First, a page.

Is Single the New Taken?
J.Walter Thompson Intelligence a leading intelligence agency has released its report (1) on the future impacts of individualism. Individualism is reflective of not just being single, but also having the individualist mind set and breaking free of the collective e.g. society.
Biologically we cannot escape those innate urges that drive us towards procreation, after-all to procreate is the very essence of any species. However, evolution is creating a dichotomy in the human species one that pushes us to reach our best self alone and one that continues to drive us to procreate through finding a partner.
Often the primal urges can get in the way of you doing you. Not to mention the cultural norms that suggest women should be housewifeing and men should be providing. So how do we start to get our head around a sense of loss from not having met the one or spawned several offspring and accepting this is replaced by the career, travel and friendships that last a lifetime?
Some of the areas that JWT predict will be affected are:
Family structures; this may include how children may be born later, alongside being born into a non-traditional family setup (including those who want to have children without a partner) and how responsibility is starting to lie equally with each partner.
Finances; singles take pride in their financial freedom, which is directly impacted by not having a family, including living on your own and what indeed you may choose to spend your money on e.g. less Next sofa cushions and more real-life endeavours.
Travel; more singletons are being able to fall in love with their wanderlust passion and what sort of escapes they are looking for. These won’t be your average trip to Benidorm with TUI holidays, but more upmarket spa retreats in Vietnam, because why not?
Dining; as a singleton; you may be all too familiar with the shocked look in the restaurant when you advise you only require a table for one. As a wine and fine dining connoisseur myself, I feel not making singletons more welcome is a missed opportunity. I have many friends who won’t dine out on their own due to this culture of dining being for two.
Housing; this is a biggy with individualism not only meaning singledom, but also the rise of freelancers and start-ups. The housing market within the UK actively ostracises those who are single (mortgage rates are often more favourable to those in relationships, as are help to buy schemes) and freelance (self-employed income is looked at post tax, employed income is looked at pre-tax), they really need to get ahead of the times.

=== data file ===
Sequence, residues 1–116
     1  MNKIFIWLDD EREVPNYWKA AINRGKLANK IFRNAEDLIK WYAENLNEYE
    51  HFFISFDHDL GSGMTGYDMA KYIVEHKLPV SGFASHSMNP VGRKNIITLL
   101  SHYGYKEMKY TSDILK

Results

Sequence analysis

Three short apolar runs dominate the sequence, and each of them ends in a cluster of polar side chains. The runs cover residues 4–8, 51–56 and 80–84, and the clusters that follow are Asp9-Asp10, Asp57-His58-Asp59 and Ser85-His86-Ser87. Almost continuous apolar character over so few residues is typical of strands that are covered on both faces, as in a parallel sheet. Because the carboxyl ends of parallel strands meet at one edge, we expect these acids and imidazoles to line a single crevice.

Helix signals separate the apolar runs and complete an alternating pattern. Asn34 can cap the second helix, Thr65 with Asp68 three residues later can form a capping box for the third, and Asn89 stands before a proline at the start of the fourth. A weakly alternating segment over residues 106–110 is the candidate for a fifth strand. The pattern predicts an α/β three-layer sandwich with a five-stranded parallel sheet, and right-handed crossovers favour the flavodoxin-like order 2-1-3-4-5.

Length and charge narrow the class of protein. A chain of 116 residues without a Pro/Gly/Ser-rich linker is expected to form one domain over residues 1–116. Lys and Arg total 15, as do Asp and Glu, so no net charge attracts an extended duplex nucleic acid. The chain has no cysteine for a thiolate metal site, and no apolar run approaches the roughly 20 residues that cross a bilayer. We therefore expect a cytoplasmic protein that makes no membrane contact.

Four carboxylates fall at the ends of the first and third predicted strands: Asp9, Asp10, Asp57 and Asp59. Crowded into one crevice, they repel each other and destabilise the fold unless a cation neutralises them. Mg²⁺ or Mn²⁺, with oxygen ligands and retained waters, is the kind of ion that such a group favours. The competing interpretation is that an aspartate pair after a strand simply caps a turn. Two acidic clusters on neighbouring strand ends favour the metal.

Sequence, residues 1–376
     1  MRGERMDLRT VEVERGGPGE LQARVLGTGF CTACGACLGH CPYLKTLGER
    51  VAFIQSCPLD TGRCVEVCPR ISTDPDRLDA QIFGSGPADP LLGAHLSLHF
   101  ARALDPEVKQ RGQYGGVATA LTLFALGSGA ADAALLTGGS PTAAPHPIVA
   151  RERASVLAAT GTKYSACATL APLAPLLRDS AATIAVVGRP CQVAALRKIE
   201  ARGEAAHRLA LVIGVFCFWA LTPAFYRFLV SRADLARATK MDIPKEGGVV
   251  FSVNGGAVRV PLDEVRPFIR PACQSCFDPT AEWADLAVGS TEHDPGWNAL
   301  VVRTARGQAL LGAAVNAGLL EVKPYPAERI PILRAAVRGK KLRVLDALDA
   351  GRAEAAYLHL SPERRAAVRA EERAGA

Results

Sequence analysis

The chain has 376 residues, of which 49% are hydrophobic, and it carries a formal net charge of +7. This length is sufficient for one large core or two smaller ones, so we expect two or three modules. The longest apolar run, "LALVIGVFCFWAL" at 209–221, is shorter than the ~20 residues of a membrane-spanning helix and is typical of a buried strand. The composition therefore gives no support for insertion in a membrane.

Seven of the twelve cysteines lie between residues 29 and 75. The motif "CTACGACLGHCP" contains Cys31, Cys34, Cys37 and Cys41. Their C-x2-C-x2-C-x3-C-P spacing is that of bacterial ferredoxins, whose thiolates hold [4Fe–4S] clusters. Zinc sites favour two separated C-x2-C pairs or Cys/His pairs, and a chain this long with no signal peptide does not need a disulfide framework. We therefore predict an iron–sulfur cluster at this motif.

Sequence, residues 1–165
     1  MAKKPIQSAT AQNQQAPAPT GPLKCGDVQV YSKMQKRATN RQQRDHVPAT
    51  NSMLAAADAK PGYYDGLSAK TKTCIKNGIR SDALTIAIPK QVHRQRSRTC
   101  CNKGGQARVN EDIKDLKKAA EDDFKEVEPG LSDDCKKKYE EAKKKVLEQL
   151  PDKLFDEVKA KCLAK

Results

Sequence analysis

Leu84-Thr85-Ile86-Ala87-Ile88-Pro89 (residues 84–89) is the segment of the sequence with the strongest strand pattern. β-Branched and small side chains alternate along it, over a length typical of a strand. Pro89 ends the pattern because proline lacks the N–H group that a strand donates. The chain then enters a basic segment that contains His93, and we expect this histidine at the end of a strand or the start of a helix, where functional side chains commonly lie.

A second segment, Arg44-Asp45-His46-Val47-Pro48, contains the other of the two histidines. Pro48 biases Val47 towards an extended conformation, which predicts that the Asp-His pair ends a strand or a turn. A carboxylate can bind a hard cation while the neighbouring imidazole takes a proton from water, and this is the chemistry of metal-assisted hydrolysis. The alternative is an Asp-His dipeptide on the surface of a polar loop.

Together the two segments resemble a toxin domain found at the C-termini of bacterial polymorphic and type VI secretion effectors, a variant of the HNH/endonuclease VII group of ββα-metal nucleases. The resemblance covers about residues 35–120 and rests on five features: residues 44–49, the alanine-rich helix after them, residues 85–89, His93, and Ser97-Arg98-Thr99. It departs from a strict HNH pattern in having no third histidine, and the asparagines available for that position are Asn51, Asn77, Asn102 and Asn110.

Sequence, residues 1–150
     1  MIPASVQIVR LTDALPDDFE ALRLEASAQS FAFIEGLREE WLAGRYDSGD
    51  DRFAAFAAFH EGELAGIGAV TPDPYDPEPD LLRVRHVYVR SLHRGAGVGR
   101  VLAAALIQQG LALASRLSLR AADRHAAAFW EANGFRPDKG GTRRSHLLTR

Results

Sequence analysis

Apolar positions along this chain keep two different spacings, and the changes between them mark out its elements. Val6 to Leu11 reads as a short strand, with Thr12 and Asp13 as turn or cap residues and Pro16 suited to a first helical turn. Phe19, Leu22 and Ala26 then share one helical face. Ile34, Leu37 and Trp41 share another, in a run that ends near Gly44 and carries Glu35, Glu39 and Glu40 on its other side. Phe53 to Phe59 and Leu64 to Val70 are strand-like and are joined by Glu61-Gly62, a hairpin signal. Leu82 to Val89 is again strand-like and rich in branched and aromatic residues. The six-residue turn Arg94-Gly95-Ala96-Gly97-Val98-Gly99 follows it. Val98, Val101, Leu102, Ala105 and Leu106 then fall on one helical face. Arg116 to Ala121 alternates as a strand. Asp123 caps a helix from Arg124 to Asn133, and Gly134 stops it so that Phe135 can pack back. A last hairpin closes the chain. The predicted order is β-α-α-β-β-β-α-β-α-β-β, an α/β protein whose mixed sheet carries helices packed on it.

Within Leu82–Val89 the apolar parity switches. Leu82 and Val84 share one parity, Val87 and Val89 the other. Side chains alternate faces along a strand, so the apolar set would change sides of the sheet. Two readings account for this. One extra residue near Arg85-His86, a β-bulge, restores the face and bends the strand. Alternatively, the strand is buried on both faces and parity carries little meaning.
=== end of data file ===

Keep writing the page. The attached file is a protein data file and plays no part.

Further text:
Older generations; are also set to look phenomenally different with people not having children to sort out care and many living alone, this could be a huge driver for the importance of community.
Work; long gone are the days of your dad who stayed in his stable job for 20 years. We now expect freedom, discretion and react competitively to get what we are worth rather than waiting. This has given rise to more freelancers, permalancers, self-employed folk, start-ups and whatever other names you can think of. Alongside this, we are seeing people flock to coworking spaces to get back their sense of community and camaraderie.
The influx of the individualist is, therefore, bringing with it a whole new set of values and so societal issues requiring change. Tradition is out the window and being you, being independent, being single, changing career, co-habiting, being open sexually and connecting in more ways than ever before should be at the forefront of any business planning.
Analyses of a half-century of data (1960-2011) from 78 nations around the world, found that the popularity of individualist practices grew significantly in this period (1). interestingly there is also plenty of research that suggests marriage on brings fleeting happiness (2). So with all this in mind a few questions:
Why do we still pay a married couples allowance? (not only does this chastise singletons, but also those whom chose to co-habit)
Why do we celebrate marriage? but yet there is no celebration for couples (or singletons) who have persevered for many years without the certificate.
Why do mortgage providers view couples as more stable?
Why do we celebrate with a stag and hen? but never congratulate our independent pals for supporting themselves for all those years?
Individualists and singletons are here to stay and the world needs to adapt, the winds of change are in action, so harness your potential and get ahead of the tidal wave because ten years from now what we have put in today will make all the difference.
Love Becky xx
1 - https://www.jwtintelligence.com/trend-reports/the-single-age
2 - Santos, H. C., Varnum, M. E. W., & Grossmann, I. (2017). Global Increases in Individualism. Psychological Science, 28(9), 1228–1239. https://doi.org/10.1177/0956797617700622
3- Stevie C.Y. Yap, Ivana Anusic, Richard E. Lucas, Does personality moderate reaction and adaptation to major life events? Evidence from the British Household Panel Survey, Journal of Research in Personality, Volume 46, Issue 5, 2012, Pages 477-488. https://doi.org/10.1016/j.jrp.2012.05.005